In this volume is the “essence of America.” Franklin is thrifty and hence, successful. Religious but not dogmatic. Concerned with virtue, yet seeing no contradiction in consorting with women of low repute. Throughout this book is practical wisdom–and despite Franklin’s own contradictions, much is worth considering.
Try not to use the word “seem” in your didactic writing. Say what you mean. Franklin writes, “I wish well-meaning and sensible men would not lessen their power of doing good by a positive, assuming manner that seldom fails to disgust, tends to create opposition, and to defeat every one of those purposes for which speech was given to us” (Franklin 31).
He became a Deist by reading books against Deism (69ff). He was enthralled with “doing good” and “ethics,” yet this didn’t stop him from consorting with red-light girls. He writes, “In the meantime that hard-to-be-governed passion of youth (note: in the context of delaying marriage) had hurried me frequently into intrigues with low women that fell in my way, which were attended with some expense and great inconvenience, besides a continual risk to my health by a distemper, which of all things I dreaded, though’ by great good luck I escaped it” (80).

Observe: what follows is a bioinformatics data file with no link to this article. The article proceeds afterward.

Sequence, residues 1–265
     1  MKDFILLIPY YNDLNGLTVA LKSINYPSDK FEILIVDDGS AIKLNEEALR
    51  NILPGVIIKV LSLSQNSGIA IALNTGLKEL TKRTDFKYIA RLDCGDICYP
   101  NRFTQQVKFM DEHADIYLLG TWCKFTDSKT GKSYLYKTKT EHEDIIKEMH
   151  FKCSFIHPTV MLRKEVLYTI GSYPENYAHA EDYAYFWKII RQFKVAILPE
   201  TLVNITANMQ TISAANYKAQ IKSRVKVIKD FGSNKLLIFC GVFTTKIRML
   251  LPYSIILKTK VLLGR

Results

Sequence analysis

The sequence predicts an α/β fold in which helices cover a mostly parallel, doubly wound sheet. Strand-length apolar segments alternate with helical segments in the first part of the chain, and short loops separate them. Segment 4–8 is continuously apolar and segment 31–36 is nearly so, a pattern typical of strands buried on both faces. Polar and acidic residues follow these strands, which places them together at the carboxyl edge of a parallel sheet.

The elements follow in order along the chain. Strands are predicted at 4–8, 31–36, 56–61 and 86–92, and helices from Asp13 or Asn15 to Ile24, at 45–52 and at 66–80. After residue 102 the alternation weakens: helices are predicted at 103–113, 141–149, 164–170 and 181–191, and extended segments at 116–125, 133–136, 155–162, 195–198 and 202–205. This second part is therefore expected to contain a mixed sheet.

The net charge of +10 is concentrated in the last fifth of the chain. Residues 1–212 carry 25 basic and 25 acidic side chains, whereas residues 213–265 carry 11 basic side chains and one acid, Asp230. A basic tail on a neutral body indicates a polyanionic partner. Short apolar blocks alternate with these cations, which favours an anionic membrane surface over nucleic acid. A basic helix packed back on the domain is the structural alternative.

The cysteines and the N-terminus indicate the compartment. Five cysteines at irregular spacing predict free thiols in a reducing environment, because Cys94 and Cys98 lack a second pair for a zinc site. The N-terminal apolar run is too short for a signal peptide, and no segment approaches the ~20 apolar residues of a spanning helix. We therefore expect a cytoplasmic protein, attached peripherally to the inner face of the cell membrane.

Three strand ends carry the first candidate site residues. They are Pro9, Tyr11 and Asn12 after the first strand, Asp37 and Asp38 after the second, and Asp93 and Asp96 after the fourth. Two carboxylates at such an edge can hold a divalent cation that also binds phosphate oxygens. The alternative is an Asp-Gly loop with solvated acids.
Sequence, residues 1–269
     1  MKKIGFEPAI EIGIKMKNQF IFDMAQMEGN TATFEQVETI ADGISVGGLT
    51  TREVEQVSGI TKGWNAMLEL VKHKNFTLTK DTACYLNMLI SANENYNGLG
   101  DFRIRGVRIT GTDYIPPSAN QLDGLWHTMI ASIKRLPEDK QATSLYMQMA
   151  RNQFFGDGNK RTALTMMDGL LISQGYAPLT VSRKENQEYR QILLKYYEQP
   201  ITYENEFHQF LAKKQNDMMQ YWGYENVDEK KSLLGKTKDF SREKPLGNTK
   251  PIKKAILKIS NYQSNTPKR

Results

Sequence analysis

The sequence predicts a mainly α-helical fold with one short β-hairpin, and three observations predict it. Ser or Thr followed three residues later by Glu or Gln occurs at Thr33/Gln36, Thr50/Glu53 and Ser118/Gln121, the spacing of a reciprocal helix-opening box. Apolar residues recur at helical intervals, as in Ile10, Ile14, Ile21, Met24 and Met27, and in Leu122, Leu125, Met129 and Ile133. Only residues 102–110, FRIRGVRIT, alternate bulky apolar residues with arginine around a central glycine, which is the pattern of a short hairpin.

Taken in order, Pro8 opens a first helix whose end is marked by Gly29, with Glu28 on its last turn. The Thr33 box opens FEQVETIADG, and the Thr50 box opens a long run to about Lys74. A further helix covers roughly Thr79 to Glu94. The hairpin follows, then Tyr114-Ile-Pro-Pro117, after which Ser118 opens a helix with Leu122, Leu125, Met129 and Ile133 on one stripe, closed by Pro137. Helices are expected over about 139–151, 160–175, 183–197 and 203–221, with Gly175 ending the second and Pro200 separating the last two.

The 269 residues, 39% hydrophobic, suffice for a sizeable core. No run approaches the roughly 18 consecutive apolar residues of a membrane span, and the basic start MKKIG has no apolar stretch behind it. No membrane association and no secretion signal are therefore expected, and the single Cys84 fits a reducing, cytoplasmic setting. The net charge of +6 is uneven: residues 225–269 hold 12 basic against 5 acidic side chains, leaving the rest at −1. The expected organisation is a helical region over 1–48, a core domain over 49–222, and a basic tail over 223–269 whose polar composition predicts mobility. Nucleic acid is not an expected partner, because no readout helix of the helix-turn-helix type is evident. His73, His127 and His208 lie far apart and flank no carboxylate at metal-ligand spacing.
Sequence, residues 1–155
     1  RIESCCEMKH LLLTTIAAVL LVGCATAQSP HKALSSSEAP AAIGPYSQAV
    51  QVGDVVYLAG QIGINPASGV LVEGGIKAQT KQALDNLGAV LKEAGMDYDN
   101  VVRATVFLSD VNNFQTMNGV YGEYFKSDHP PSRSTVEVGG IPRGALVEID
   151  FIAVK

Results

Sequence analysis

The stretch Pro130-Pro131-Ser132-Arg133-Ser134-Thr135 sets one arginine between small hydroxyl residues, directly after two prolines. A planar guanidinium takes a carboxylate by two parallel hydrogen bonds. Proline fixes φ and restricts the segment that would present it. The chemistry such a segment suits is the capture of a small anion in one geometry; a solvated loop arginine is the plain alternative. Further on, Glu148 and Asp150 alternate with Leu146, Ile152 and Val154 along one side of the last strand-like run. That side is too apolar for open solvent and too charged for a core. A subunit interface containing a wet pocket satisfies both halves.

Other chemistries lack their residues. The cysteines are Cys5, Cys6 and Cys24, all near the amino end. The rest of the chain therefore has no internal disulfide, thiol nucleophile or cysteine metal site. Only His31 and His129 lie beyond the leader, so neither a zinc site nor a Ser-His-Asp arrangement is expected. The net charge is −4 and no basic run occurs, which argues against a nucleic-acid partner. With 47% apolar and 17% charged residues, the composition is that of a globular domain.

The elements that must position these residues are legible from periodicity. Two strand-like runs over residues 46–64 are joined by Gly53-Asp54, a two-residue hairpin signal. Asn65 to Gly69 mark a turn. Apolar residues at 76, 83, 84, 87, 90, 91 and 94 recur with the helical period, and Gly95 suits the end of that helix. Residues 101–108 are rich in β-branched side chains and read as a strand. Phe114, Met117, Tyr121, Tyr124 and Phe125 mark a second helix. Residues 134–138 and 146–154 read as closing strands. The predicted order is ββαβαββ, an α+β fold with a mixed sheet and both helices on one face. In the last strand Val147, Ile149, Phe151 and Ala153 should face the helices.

For all his Deism, Franklin wasn’t your modern-day ACLU skeptic. While he didn’t believe in a state church, he didn’t believe all religions are equal. Christianity should have pride of place. Further, he didn’t believe in attacking religion.
He taught himself French and Italian. He had only one year of Latin as a child and neglected it. He was able to pick it back up later in life. He says it is more useful to begin with something like French than Latin (111).
His life ended with a whimper. He was away for long periods of time from his wife, and was in Europe at the time of her death. He died estranged from his son. While his letters are mute on whether he was indiscreet, he did carry on several (relatively) Platonic dalliances with women young enough to be his daughters.